YSU GM manager gives teens tips, glimpse of business world
The Lordstown plant manager urged the teenagers to 'diversify.'
By ROSA MERCADO
VINDICATOR STAFF WRITER
YOUNGSTOWN -- Maureen Midgley, manager of the General Motors Corp. Lordstown assembly plant, encouraged more than 130 Ohio high school students to become "renaissance" people.
"Diversify, diversify, diversify," said Midgley, who urged students to take a variety of subjects and expand their activities. "You don't know what skills and experiences will give you an edge."
Midgley was the featured speaker Wednesday at Youngstown State University's third annual Ohio Business Week program. The weeklong event, which ends Saturday, aims to "educate youths on the benefits and principles of the free enterprise system."
Words of advice
The Lordstown plant manager explained that students will need to be multidimensional to be successful in the business world.
"Become passionate about something -- what you will be successful in is what inspires you," said Midgley, who has spent 20 years in the auto industry.
She also stressed that ethics plays a large role in success. "Corruption can destroy businesses and can destroy lives," she said. "Honesty is a habit which builds integrity."
Having integrity and honesty even with the small stuff makes a difference, she added.
Midgley told students that even if they excel in math and science, they won't go far without good communication skills. She said that oral presentations may be difficult for some, but the more practice, the better.
"Any opportunity you get to talk in front of people, do it," she urged. "It may be scary, but it's of immeasurable value; you must be able to articulate your ideas."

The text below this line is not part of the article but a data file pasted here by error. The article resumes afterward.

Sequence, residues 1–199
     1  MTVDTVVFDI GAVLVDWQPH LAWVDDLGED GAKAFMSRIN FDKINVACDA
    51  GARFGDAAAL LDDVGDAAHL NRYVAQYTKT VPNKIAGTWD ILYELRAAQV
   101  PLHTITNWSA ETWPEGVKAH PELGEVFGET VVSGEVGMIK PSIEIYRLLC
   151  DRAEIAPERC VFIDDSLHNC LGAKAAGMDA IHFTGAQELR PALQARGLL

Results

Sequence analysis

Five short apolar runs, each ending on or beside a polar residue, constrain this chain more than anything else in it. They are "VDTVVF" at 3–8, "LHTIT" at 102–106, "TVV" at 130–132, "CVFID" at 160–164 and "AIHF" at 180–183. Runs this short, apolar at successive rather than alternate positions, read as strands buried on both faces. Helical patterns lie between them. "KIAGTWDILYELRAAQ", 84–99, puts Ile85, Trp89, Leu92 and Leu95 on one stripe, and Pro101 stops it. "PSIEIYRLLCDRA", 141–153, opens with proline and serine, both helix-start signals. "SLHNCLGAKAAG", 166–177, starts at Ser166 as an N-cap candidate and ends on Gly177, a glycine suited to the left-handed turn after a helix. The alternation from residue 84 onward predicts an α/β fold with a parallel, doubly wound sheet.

Success in business
Midgley, who has a chemical engineering degree from the University of Missouri, said she wasn't encouraged to go into engineering.
"I went to an all-girls college-prep high school where you were encouraged to become either a nurse or a secretary," she said.
In the male-dominated manufacturing industry, Midgley said there have been challenges for her, but she loves her work. "There are people who want you to succeed," she added.
She attributes her father with teaching her work ethics, and her mother with teaching her communication skills.
A self-described "wannabe musician," Midgley said family is the most important thing to her, and she tries to involve the members whenever she can. "They even come to work with me sometimes."
The wife and mother said she stays energized by being athletic. In addition to work, she coaches soccer and does a triathlon every year.
Her final words of advice encouraged students to go to school to learn and not just to get through.
She told the teenage audience that they can make an impact on the world.
"You are the future of our country," Midgley said. "And that's the greatest country in the world."